Gottfried von Weißeneck, Bischof von Passau (1342–1362)
Hamburg 2019, 386 Seiten
ISBN 978-3-339-11076-3 (Print), ISBN 978-3-339-11077-0 (eBook)
Abteiland, Bayerische Landesgeschichte, Bischof von Passau, Bistum Passau, Diözese Passau, Fürstbischof von Passau, Geschichtswissenschaft, Gottfried von Weißeneck, Hochstift Passau, Mittelalterliche Geschichte, Ostbaiern, Ostbayern, Regesten
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The government of Gottfried of Weißeneck, Bishop of Passau (1342-1362), not only presents new findings for the immediate local and regional history of the three-rivers-city Passau but covers a larger horizon: The Bishop’s area of responsibility was far bigger than just the urban area; furthermore, it is very well possible to answer some fundamental questions by means of a regional topic.
Just as the other bishops of the Holy Roman Empire in the High and Late Middle Ages, Gottfried of Weißeneck had a double function. As territorial lord, he ruled his principality (the Hochstift Passau or “Abteiland”); as religious leader, he was responsible for the salvation of the people of the Diocese Passau which was one of the largest of the Empire and extended along the Danube from the Isar’s mouth near Deggendorf to the Hungarian border beyond Vienna.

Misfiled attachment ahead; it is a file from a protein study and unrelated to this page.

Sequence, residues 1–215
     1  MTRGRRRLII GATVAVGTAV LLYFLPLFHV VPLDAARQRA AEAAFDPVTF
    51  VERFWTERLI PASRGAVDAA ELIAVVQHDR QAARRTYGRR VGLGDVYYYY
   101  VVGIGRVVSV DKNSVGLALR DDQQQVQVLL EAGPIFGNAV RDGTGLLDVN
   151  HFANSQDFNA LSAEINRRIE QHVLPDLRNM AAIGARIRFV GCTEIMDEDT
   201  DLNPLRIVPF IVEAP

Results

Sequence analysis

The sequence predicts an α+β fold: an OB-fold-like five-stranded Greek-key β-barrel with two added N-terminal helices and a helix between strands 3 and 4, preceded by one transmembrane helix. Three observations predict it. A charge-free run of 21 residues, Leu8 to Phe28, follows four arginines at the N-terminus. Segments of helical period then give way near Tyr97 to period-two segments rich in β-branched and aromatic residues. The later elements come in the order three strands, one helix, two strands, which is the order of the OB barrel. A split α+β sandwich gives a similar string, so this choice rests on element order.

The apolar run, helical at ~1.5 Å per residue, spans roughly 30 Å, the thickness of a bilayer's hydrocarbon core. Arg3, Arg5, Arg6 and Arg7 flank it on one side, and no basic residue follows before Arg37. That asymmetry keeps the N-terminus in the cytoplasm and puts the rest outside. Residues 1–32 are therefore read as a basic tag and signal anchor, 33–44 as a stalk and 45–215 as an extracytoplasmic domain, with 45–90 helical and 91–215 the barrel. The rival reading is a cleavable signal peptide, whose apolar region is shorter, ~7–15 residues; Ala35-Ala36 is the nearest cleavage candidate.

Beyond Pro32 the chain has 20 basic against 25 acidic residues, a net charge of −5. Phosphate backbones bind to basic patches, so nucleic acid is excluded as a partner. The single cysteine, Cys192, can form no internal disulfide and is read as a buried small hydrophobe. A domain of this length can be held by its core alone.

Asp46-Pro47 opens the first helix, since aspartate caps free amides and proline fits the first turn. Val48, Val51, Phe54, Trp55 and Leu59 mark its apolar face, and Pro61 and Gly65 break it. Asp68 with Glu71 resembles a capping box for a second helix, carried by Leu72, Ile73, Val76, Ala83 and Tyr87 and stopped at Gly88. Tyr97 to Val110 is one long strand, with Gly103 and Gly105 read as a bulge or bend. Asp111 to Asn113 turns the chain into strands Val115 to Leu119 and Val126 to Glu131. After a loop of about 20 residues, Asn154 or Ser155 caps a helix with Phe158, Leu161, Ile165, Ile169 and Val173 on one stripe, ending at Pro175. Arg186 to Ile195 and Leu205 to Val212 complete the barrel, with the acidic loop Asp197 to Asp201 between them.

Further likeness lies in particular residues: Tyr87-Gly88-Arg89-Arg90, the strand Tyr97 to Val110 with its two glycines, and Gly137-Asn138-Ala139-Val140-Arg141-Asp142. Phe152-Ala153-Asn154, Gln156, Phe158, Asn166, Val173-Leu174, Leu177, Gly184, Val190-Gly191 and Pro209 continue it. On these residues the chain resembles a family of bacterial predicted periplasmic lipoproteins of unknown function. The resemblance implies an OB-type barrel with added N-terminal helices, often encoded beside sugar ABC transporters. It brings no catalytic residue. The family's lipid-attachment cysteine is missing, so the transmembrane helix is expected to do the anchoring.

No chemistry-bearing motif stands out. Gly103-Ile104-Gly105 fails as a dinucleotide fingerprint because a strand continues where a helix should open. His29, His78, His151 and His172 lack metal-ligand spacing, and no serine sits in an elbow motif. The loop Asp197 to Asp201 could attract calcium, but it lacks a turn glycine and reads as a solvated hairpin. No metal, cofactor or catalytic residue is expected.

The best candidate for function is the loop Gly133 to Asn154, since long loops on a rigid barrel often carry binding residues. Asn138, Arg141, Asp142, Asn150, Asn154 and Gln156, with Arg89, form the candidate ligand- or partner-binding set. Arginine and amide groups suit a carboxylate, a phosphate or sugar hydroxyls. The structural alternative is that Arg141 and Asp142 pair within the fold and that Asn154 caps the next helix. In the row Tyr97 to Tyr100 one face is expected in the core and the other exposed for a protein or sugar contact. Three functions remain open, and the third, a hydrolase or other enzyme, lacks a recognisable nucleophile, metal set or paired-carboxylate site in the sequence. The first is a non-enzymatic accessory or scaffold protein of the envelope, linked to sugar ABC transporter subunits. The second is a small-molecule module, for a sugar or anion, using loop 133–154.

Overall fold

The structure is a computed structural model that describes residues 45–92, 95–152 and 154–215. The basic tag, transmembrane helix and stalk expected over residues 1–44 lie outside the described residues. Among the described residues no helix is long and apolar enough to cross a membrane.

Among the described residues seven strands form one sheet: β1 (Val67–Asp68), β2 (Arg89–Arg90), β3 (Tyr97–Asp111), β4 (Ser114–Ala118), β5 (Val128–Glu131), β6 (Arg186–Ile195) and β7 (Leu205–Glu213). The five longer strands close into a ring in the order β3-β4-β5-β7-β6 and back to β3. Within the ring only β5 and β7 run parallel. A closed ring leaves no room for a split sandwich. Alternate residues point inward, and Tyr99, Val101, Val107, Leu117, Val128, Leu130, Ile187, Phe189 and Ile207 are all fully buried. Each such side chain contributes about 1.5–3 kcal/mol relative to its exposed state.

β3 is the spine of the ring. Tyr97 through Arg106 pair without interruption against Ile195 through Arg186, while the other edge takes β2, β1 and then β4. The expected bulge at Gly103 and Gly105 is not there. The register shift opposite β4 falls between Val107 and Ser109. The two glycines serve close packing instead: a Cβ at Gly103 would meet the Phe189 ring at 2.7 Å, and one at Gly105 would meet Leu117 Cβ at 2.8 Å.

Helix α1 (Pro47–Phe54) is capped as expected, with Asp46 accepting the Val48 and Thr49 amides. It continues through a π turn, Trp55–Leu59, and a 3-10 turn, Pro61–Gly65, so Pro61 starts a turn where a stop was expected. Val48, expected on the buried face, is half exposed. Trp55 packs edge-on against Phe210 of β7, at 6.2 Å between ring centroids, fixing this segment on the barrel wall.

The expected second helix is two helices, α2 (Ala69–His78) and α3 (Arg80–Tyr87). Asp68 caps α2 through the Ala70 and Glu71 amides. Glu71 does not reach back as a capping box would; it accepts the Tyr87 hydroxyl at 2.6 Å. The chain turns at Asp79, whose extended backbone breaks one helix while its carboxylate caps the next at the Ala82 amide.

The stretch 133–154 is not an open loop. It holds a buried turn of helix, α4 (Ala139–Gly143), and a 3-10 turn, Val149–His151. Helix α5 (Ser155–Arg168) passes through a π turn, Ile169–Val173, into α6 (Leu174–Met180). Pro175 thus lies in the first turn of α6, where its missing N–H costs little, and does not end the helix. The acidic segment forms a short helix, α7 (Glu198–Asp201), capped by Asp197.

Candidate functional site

The available sources allow extensive insights into a bishop’s administrative routines in the middle of the 14th century. At the same time, they illustrate the central geopolitical position of city and principality: Passau was situated at the intersection of the Duchy of Bavaria, the Duchy of Austria and the Kingdom of Bohemia – and therefore of the territories of the three most important families of the Late Middle Ages. That’s why, every now and then, Passau was used for meetings between members of the Houses of Wittelsbach, Habsburg and Luxembourg; at these occasions, Bishop Gottfried acted as competent host who was able to cope with the logistical challenge of such events. His relationship with Duke Rudolph IV of Habsburg (1358-1365) was particularly tight which is why he (unknowingly) assisted him with the dissemination of the Austrian Privileges (“Privilegium Maius”).
The clearly structured and well readable book is complemented by a list of more than 500 sources which invite to further explore adjacent topics.
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